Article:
Beech Fern family (Thelypteridaceae)
Description: This perennial fern consists of irregular tufts of compound leaves; these deciduous leaves are produced directly from spreading rhizomes during the spring. The compound leaves are ¾–1¼' long and similarly across; they are broadly ovate or triangular-ovate in outline. Each compound leaf has 12-20 pairs of leaflets that are joined together at their bases by a winged rachis. The wing of this rachis is strongly angular and irregular; it is more broad at leaflet bases and more narrow between adjacent pairs of leaflets. For each compound leaf, the lowest pair of leaflets are descending, while the remaining pairs of leaflets are widely spreading. The 2 lowest leaflets are broadly lanceolate in outline, while the remaining leaflets become more narrow as they ascend the rachis (changing from lanceolate to oblong-lanceolate in outline). All of the leaflets taper into narrow tips. The leaflets are pinnatifid with 8-20 pairs of lobes; the lobes of upper leaflets are short-oblong with obtuse tips, while the lobes of lower leaflets are more lanceolate with tapered tips.
The lobes of the lowest leaflets are shallowly pinnatifid, while the lobes of the middle to upper leaflets are crenate to smooth (entire) along their margins. The upper leaf surface is pale green to dark green and hairless to slightly pubescent. The lower leaf surface is pale green to medium green and nearly hairless to moderately pubescent; the lower leaf surface is especially hairy along the rachis of the compound leaf and the central stalks of the leaflets. The petioles of the compound leaves are ½–¾' long; they are light green, stramineus (straw-colored), or pale reddish green. In addition, the petioles are terete and glabrous; sometimes there are a few light-colored scales near their bases. The sori (spore-bearing structures) are located on the undersides of the leaflets on their lobes; they are small, round, and reddish brown at maturity. The sori lack indusia (protective membranes); they are located near the tips of veinlets, where they can be either near or remote from the margins of the lobes. The spores are released during the summer and distributed by the wind. The root system is rhizomatous and fibrous.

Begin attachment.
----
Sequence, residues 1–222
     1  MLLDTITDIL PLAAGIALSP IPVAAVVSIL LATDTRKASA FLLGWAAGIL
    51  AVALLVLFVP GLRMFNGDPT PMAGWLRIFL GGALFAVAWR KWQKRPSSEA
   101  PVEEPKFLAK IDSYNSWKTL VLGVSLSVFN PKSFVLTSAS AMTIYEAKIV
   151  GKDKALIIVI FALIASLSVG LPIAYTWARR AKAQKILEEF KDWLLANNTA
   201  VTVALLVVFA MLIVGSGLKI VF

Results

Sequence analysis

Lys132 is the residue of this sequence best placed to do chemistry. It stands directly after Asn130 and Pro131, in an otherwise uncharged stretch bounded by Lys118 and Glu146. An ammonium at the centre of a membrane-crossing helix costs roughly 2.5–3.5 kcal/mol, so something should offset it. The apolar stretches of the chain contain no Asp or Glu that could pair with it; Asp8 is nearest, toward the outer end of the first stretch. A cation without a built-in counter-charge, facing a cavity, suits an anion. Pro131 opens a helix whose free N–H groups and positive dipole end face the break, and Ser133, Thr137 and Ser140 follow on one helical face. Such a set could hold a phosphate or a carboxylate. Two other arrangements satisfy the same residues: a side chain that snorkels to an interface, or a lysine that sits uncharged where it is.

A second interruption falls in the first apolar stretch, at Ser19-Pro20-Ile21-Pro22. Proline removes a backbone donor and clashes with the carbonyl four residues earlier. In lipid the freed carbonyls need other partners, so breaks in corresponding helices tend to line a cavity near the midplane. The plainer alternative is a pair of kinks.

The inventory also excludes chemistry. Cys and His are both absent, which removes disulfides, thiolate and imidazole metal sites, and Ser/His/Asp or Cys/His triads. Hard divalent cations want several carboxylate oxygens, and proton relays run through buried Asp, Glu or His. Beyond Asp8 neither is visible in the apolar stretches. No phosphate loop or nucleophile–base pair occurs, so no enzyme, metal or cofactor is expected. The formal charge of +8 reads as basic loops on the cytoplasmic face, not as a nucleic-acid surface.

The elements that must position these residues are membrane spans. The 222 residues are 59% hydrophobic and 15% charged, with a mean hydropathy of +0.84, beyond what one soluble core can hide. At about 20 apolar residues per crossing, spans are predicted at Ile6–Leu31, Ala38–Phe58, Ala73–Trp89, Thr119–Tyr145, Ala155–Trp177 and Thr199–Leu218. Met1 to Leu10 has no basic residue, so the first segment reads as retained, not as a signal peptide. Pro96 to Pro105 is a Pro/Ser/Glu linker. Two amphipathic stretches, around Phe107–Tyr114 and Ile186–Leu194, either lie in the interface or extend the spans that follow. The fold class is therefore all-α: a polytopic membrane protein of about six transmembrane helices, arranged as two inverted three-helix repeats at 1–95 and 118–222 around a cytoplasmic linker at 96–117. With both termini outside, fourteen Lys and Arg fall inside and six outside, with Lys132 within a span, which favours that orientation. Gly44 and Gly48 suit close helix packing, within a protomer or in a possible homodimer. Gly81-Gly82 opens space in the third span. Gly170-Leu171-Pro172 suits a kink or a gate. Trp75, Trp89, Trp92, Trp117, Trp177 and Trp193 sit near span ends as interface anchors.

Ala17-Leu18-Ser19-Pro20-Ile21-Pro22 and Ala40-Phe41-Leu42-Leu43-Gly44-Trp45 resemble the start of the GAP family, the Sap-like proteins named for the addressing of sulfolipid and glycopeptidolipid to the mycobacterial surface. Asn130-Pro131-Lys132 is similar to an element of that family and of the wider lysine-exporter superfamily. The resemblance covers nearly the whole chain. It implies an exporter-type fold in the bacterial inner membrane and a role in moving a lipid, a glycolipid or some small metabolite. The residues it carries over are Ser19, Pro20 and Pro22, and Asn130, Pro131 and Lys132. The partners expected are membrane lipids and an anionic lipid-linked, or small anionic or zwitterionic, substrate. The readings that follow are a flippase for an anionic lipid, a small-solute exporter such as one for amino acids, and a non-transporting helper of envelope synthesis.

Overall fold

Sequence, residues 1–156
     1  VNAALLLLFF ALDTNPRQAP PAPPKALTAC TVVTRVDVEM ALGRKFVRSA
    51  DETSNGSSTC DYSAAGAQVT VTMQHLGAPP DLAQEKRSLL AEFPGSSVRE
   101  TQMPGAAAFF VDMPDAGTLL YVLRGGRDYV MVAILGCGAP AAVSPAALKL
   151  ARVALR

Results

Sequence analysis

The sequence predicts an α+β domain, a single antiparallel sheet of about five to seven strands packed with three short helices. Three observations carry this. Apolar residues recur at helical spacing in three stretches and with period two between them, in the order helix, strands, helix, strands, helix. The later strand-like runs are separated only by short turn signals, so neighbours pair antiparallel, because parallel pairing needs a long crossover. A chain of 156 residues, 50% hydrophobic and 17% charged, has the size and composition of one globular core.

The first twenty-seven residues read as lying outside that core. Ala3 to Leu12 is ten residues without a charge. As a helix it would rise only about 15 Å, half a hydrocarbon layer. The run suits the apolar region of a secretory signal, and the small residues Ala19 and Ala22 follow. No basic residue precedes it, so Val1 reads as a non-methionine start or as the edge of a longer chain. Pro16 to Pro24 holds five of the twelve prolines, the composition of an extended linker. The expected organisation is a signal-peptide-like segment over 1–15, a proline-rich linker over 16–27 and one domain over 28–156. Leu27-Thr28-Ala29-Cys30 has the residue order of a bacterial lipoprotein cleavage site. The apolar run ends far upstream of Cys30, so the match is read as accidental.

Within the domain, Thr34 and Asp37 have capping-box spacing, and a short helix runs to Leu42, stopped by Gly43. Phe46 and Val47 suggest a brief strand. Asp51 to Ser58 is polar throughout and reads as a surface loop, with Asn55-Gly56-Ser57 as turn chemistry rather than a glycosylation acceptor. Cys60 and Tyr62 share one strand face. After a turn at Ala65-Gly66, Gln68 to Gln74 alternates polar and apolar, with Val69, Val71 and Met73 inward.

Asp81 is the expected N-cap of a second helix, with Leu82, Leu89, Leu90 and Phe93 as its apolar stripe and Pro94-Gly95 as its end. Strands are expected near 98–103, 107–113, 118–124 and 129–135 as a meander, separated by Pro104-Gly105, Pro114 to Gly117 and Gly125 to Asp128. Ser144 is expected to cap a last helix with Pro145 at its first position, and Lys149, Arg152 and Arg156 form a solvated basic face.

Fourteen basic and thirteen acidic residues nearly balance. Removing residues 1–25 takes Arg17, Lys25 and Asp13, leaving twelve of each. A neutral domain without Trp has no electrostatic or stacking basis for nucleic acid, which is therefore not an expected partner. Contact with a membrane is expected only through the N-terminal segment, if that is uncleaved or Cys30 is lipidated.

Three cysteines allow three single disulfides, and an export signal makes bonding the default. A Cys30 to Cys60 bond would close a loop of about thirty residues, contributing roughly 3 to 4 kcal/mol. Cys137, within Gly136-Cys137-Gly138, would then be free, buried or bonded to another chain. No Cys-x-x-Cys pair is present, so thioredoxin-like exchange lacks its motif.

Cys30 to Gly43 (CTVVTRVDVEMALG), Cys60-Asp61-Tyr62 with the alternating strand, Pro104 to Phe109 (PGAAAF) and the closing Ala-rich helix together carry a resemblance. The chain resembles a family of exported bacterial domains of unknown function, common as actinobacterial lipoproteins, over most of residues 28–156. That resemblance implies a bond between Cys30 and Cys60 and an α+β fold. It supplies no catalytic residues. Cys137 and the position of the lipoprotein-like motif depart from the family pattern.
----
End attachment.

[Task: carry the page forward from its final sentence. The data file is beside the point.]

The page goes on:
Cultivation: The preference is dappled sunlight to medium shade, moist to dry-mesic conditions, and a somewhat acid soil with abundant organic matter (including a layer of fallen leaves). This fern normally grows underneath deciduous trees; it is adaptable to shade gardens.
Range & Habitat: The native Beech Fern is occasional to locally common in western and southern Illinois, while elsewhere in the state it is occasional to absent (see Distribution Map). Habitats include upland woodlands, wooded slopes, and wooded bluffs. In Illinois, this fern is commonly associated with oak trees (instead of beech trees); it is usually found in higher quality woodlands where the original ground flora is intact.
Faunal Associations: Specific information about floral-faunal relationships for this species is unavailable.
Photographic Location: A wooded slope near Charleston, Illinois, in Coles County.
Comments: This medium-small fern has attractive leaves. Beech Fern (Phegopteris hexagonoptera) can be distinguished from other ferns by its winged rachis; this winged extension of the rachis is strongly angular and it connects all of the leaflets. The leaves of this fern are unusual because they are about as wide at the base as they are long; other ferns usually have leaves that are longer than they are wide. The other species in this genus that occurs in Illinois, Long Beech Fern (Phegopteris connectilis), has leaves that are longer than they are wide, and the winged extension of its rachis doesn't extend to the lowest 1-2 pairs of leaflets. Like the more common Beech Fern, the sori of the Long Beech Fern lack indusia; this characteristic distinguishes them from closely related ferns in the Thelypteris genus (as well as many other ferns). Two scientific synonyms of the Beech Fern are Thelypteris hexagonoptera and Dryopteris hexagonoptera. Other common names of this species are the 'Broad Beech Fern' and 'Southern Beech Fern.'